Agricultural and Biosystems Engineering
The Department of Agricultural and Biosystems Engineering offers graduate study leading to M.S. and Ph.D. degrees. The program emphasizes solving engineering problems for agricultural production, food and biofuels processing, and environmental resources management. Advanced work may involve specialized training in the following areas: irrigation and drainage engineering; agricultural hydrology; soil and water resources management; livestock waste management; air quality, process engineering for food and biofuels, and other bioproducts; agricultural machine systems; precision agriculture; machine vision and intelligent sensors for biological systems; and post-harvest handling and storage of biomass feedstocks and other biological materials.
Student research and academic programs are tailored to individual student needs and interests. Interdisciplinary approaches to agricultural and biosystems engineering programs are fostered.
The Department of Agricultural and Biosystems Engineering graduate program is open to all qualified graduates of universities and colleges of recognized standing. To be admitted with full standing to the program, the applicant must meet the Graduate School's admission requirements and have a baccalaureate degree in engineering or have taken the equivalent of the basic undergraduate engineering courses.
Any student receiving an M.S. or Ph.D. degree from the NDSU ABEN department must have taken the following fundamental courses prior to attaining the graduate degree. If the courses (or their equivalent) were not taken prior to matriculating at NDSU, they should be taken in addition to other coursework required for the graduate degree.
- Mathematics through Differential Equations (NDSU: MATH 266 Introduction to Differential Equations)
- Statics (NDSU: ME 221 Engineering Mechanics I) and Dynamics (NDSU: ME 222 Engineering Mechanics II); these two may be substituted by a calculus-based Physics I class
- Thermodynamics (NDSU: ME 350 Thermodynamics and Heat Transfer); may be substituted with ABEN 644 Transport Processes, which may also count toward graduate degree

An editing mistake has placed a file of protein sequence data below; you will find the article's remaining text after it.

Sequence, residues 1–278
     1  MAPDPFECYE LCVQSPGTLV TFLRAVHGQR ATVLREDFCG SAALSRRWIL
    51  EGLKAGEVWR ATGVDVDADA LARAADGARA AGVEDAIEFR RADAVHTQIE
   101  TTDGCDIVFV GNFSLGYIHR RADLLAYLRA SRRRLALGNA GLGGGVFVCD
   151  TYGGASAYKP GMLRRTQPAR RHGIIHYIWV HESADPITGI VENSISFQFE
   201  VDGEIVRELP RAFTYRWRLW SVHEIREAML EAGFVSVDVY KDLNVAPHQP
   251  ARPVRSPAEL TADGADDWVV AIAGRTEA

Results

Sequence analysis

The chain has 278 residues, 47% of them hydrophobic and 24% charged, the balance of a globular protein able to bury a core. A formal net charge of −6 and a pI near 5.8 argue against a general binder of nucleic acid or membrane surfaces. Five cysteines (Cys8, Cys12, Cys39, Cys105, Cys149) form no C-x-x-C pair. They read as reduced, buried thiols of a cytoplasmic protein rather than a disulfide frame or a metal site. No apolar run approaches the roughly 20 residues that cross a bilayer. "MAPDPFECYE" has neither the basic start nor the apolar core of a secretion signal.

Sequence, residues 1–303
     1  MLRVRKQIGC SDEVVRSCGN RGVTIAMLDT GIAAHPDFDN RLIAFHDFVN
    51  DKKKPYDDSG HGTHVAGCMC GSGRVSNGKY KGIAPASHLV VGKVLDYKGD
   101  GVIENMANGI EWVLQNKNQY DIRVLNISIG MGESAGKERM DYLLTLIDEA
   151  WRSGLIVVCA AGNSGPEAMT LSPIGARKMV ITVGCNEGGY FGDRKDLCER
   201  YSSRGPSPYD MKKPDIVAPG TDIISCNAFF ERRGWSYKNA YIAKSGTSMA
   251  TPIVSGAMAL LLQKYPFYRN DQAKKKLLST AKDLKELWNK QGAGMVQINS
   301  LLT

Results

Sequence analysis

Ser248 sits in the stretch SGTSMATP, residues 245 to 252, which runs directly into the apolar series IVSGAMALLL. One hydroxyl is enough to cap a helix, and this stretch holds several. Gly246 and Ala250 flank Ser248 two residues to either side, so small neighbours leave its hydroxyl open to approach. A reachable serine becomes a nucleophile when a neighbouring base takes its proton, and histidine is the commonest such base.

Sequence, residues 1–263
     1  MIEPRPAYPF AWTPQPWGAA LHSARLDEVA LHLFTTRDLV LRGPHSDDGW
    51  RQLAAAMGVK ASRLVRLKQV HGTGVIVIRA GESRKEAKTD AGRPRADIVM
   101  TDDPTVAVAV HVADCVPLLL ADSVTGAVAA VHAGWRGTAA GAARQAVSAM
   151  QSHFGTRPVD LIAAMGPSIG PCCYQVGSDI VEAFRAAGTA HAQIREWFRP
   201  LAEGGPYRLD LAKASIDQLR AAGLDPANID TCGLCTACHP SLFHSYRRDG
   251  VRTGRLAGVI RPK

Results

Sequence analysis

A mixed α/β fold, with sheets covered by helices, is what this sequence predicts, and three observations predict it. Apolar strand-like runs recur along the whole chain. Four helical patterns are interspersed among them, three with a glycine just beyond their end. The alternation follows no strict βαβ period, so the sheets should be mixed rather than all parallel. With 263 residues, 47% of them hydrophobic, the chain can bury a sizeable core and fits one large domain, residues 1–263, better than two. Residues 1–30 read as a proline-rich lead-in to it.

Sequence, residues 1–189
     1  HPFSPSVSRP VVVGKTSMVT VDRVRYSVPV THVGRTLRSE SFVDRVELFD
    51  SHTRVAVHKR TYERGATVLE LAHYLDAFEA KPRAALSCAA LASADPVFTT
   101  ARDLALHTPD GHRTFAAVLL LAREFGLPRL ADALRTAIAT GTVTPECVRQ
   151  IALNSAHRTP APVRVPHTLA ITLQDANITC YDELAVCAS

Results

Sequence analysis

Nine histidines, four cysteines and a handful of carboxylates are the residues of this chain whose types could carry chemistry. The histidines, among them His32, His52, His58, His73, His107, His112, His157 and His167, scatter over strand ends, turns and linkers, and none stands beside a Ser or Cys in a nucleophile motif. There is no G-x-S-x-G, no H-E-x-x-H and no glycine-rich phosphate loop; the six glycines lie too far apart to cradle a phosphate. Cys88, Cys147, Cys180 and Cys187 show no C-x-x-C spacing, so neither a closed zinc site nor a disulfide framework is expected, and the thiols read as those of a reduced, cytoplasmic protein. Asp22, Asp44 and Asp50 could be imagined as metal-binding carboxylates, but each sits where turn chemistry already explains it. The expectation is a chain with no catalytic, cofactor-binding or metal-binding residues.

- Fluid Mechanics (NDSU: CE 309 Fluid Mechanics or ME 352 Fluid Dynamics)
- Physics II/Electricity and Magnetism (NDSU: PHYS 252 University Physics II)
Research assistantships are available and dependent on the grant funding of faculty research programs. Applicants are considered on the basis of scholarship and potential to undertake advanced study and research. Students must be accepted into the Graduate School before they are eligible for an assistantship.
The M.S. degree program requires completion of 30 semester credit hours beyond the baccalaureate degree as detailed below. A Plan of Study (PoS) should be developed with the adviser by the end of the first semester of work. An oral examination covering the research-based paper or thesis and the student's understanding and ability to apply the subject matter to the research is required. Students typically require two years to complete their MS degree. An overall GPA of 3.0 or higher must be maintained.
The ABEN M.S. program requirements are:
|Didactic Course Work (601-689, 691; 700-789, 791; 800-889 and 891)||16|
|Additional Credits (as needed to complete 30 total credits)|
|ABEN 798||Master's Thesis||6-10|
|Total Credits Required||30|
- 30 credits after the B.S.
- 20-24 credit hours are from course work, while 6-10 credit hours are typically provided for a master's thesis
- A minimum of 6 credits of NDSU ABEN courses numbered 601-689 and 700-789 is required
- ABEN Graduate Seminar (ABEN 790)